Bihar’s success story tells us that if Nepali leaders want, Nepal can progress in a couple of years, not decades.
By Dinesh Wagle
Wagle Street Journal
Finally, the Indian ambassador in Kathmandu last week did what he was primarily supposed to do: promote his country rather than poking his nose into internal affairs of the hosts. “Some people talk about possible Biharisation of Nepal,” Rakesh Sood reportedly said at a programme organised to mark his country’s Republic Day in the Nepali capital on Jan. 26. “But look at Bihar, the economic growth there has crossed 11 percent.” The ambassador blamed Nepal for its growing trade deficit with India, arguing that market was of no use if there’s no production. He might be correct in his assessment. But I wondered how Prachanda and his company took the statement that came as a response to the Maoist’s ‘we don’t need Bihari-style republic [that rest of the parties and India want to impose] in Nepal’ rhetoric.
Why blame only the Maoists? For many in South Asia, the Indian state of Bihar is synonymous with lawlessness, poverty and underdevelopment. Not only in Nepal but in India too, I have found, the word Bihar(i) is taken as a mark of insult and humiliation. I have met many Biharis who hesitate to identify themselves as Biharis, including those who are highly educated. The problem is with the image of Bihar that was largely shaped by the politicians who ruled the state until 2004. Since, with Nitish Kumar assuming Chief Minister-ship, that rusty image has slowly been changing.
The growth figure of 11 percent that Sood so proudly stated has been contradicted by some well informed economic columnists in India itself though one thing is for sure: Bihar is progressing. “Is it true that Bihar is doing good these days?” I always ask whenever I meet a Bihari. “Yes,” I get the response, “the biggest change I have felt is an improvement in security situation.” The fear of extortionists and kidnappers may have evaporated now, observed an Economic Times commentator recently, citing figures of decreasing incidents of kidnappings in Bihar. Only 317 kidnappings for ransom were reported during the last four years as against 1,393 during the previous four, according to ET report earlier this month.
Most of Bihar’s infamous dons are behind bars. Speedy trials have ensured a total of 38,824 convictions between 2006 and September 2009, according to ET. The convicts included dons with political connections and their henchmen. Those include M. Shahabuddin, the former Rastriya Janata Dal MP who had once gone live on TV daring the state police chief to arrest him. Gun-totting strongmen are no longer a common sight on the streets of Bihar. Policemen patrol them now. Isn’t that a great leap forward, particularly from our perspective? Next time Pushpa Kamal Dahal and his comrades make any statements like ‘Bihari-style republic’ I wish they would check first the latest coming out of Bihar. How many kilometres of roads have they built in Nepal? Did they even inaugurate a highway project when they were leading the government? In Bihar, on the other hand, thanks to improved security situation, investors have been encouraged and private business is booming. The infrastructure has expanded impressively. More than 6,800 km of roads have been re-laid and 1,600 bridges and culverts constructed in the last four years. Automobile sales in the state grew 45 percent in 2009.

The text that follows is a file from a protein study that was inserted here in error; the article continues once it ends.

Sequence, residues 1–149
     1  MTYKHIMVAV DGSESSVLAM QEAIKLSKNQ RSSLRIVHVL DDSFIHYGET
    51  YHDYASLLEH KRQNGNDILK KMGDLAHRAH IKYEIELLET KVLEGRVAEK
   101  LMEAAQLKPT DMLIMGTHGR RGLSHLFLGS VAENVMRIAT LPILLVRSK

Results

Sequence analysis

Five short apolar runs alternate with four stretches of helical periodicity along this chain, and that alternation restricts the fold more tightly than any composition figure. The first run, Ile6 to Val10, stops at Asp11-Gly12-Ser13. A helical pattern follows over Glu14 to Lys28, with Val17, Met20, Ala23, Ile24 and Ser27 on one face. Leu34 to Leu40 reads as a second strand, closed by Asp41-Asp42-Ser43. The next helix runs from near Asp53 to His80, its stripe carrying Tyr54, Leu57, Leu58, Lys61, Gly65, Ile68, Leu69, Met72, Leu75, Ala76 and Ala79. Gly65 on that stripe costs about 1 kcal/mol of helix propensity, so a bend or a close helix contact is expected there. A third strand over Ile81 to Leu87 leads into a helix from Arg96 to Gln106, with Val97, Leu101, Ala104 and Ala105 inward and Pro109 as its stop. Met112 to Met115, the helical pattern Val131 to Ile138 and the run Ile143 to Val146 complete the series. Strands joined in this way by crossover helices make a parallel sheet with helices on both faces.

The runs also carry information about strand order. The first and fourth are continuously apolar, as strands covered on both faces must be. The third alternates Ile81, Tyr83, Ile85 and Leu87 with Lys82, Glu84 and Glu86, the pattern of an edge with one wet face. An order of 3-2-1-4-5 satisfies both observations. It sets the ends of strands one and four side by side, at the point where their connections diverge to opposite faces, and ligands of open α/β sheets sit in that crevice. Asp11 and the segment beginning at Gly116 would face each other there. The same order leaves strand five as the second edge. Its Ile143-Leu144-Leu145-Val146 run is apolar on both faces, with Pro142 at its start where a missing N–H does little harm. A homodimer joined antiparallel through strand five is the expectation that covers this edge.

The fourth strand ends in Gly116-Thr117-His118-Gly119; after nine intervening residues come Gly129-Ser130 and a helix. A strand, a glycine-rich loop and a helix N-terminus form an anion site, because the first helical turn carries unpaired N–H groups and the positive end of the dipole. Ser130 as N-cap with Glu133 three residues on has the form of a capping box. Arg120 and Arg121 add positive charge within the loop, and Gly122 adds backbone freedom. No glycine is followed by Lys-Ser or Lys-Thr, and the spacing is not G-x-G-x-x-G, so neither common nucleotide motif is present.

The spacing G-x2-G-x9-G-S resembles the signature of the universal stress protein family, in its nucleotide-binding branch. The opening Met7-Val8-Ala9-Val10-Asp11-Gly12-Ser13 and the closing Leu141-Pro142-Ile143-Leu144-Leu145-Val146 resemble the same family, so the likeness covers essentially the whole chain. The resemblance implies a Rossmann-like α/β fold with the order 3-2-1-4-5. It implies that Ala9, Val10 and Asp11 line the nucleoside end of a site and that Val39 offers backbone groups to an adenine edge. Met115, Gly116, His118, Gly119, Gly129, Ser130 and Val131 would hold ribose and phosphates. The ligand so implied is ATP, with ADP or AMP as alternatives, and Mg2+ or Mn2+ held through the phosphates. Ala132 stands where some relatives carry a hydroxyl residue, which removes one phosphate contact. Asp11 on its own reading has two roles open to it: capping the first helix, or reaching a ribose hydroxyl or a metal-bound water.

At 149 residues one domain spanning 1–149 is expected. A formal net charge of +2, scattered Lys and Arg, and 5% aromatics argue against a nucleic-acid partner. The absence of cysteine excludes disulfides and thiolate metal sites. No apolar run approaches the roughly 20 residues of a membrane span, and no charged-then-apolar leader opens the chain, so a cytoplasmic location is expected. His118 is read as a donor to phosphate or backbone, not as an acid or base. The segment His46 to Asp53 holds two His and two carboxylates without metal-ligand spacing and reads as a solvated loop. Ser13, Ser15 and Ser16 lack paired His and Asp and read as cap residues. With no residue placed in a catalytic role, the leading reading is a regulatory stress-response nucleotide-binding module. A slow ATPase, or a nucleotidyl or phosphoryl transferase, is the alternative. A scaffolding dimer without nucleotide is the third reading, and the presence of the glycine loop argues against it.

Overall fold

If the Maoists continue with their gundagardi politics in Nepal, the day will surely come when people will say: We don’t want Nepali-style revolution. That day Nepalis will be ashamed of themselves. The Maoists are already creating problems for poor Nepalis living in India. It is okay to ask Indians not to intervene in our affairs but to publicly disrespect their flag is not the way to go about it. That’s plain stupidity. The Maoists might not know the importance of national flag because they are hell bent on changing the national flag of Nepal but for many people around the world that national symbol holds great importance. Because Maoists disrespected the Indian flag, that too on the Indian Republic Day, many Indians are rightly agitated. There are already reports coming out about general Nepalis being harassed by Indian security men at the border crossing points in an apparent revenge against the Maoist act.
Funds provided by the central Indian government has played significant role in the resurrection of Bihar. Its success story tells us that if Nepali political leadership concentrates in development issues rather than hitting the streets all the time on trivial matters, Nepal too can progress in a couple of years, not decades. Money will not be a problem as there will be donors ready to help. The problem with us is that our politicians are busy in street fighting while the economic developmental issues have been put on the back-burner. For them, sacking an Army officer is more important than building a road.